By now, I’m sure we’ve all heard the news: earlier this month, the Trump administration announced plans to reverse the Obama-era CAFE standards, effectively deciding to increase US oil consumption, pollution, and CO2 emissions. They’ve also set their sights on their next target to kill: CARB (the California Air Resources Board) — a thorn in the side of auto manufacturers who want to sell exhaust-belching gas guzzlers and not sell electric vehicles. CARB imposes more strict emissions standards than the federal government and — perhaps more critically — created a ZEV mandate that has rapidly accelerated the adoption of electric vehicles in California and the other states which follow California’s guidelines.
Killing CARB would be a massive blow to the spread of electric vehicles in the US. And some people want it that way.
However, this rollback and these CARB attacks didn’t come out of the blue. They’ve long been the target of the Alliance of Automobile Manufacturers (formerly the American Automobile Manufacturers Association) — and it’s their very active lobbying campaign that led to the Trump administration’s decision.
While I intended to write about this earlier, I was too busy. But now is as good of a time as any.
The Alliance is not an “evil” organization persay — simply opportunist. For example, they joined the Obama administration in an effort to protect the EPA’s right to regulate CO2 emissions from power plants. Because — this goes without saying — cars aren’t power plants. They argue to congress that reductions in emissions should come from power plants and fuel producers, not their cars. They also fight against “Right to Repair” legislation.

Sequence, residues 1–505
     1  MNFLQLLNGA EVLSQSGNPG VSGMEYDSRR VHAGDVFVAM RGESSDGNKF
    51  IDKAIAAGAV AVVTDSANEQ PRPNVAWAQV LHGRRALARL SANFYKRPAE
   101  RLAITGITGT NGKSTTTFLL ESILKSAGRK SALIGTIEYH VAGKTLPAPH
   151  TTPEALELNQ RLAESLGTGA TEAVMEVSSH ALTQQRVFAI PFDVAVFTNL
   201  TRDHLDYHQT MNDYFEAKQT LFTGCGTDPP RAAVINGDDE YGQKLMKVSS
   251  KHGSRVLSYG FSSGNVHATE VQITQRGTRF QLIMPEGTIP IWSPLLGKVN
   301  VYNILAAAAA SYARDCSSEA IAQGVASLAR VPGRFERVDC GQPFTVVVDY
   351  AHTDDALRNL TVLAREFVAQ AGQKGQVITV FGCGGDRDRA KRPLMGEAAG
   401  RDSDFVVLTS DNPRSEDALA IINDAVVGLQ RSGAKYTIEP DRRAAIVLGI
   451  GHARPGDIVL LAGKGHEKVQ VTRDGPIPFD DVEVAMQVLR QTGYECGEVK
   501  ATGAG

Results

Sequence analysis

Who’s in the association? Here’s your list:
- BMW Group
- Fiat Chrysler Automobiles
- Ford Motor Company
- General Motors
- Jaguar Land Rover
- Mercedes-Benz USA
- Mitsubishi Motors
- Volkswagen Group of America
- Volvo Car USA
Who’s notably absent from the association?
For some, their presence or absence has little to do with electric vehicles. Honda for example has long been lukewarm about EVs (having previously heavily backed fuel cells); the Clarity Electric is a modified version of their old FCX Clarity, and is only available as a compliance car in ZEV states. Subaru has likewise been relatively lukewarm to EVs. Hyundai makes some excellent economy EVs (the Ioniq, and now the Kona), but unfortunately only in low quantities.
Instead, for these other manufacturers, it all comes down to emissions. Follow the green lines relative to the “100” mark (the 2012 fuel economy average) and compare them to each other:
As you can see, Honda and Nissan have been on a roll when it comes to fuel economy. Toyota, by contrast, has stagnated in recent years. Fiat Chrysler, Ford, and GM have been improving since 2012, but are so far behind that they have a lot of catching up to do; of them, only GM has even caught up to the old 2012 average.
In short, they’re simply lobbying their interests — they gain when fuel standards are tight, while the Alliance members lose. Unfortunately, part of that interest is “not wanting to have to make electric vehicles”